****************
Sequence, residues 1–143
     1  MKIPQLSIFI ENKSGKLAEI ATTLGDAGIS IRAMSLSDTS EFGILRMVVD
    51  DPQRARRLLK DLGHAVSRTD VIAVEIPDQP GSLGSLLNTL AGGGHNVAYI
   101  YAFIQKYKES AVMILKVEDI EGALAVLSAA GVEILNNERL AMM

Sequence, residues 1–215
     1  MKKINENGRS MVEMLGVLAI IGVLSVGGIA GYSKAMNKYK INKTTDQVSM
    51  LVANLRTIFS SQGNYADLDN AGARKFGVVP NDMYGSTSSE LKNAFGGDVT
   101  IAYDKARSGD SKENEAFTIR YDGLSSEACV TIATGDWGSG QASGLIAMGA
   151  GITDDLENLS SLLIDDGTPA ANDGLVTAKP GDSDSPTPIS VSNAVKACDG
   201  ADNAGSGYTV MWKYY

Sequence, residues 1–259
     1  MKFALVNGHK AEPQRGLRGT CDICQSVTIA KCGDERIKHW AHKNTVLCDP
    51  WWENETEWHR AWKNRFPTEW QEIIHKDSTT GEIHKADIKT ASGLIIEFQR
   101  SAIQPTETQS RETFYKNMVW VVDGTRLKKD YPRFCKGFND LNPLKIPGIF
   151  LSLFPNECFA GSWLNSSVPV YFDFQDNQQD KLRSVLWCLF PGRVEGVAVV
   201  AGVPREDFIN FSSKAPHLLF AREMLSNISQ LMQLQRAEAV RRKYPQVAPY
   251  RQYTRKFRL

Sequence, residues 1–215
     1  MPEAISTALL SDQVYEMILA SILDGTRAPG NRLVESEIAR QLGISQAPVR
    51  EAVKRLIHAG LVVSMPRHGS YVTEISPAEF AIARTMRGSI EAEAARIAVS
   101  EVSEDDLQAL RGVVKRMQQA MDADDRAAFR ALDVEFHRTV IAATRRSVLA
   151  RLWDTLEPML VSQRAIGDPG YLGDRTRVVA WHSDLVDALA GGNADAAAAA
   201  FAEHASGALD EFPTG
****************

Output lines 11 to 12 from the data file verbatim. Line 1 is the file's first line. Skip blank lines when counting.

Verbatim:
Sequence, residues 1–259
     1  MKFALVNGHK AEPQRGLRGT CDICQSVTIA KCGDERIKHW AHKNTVLCDP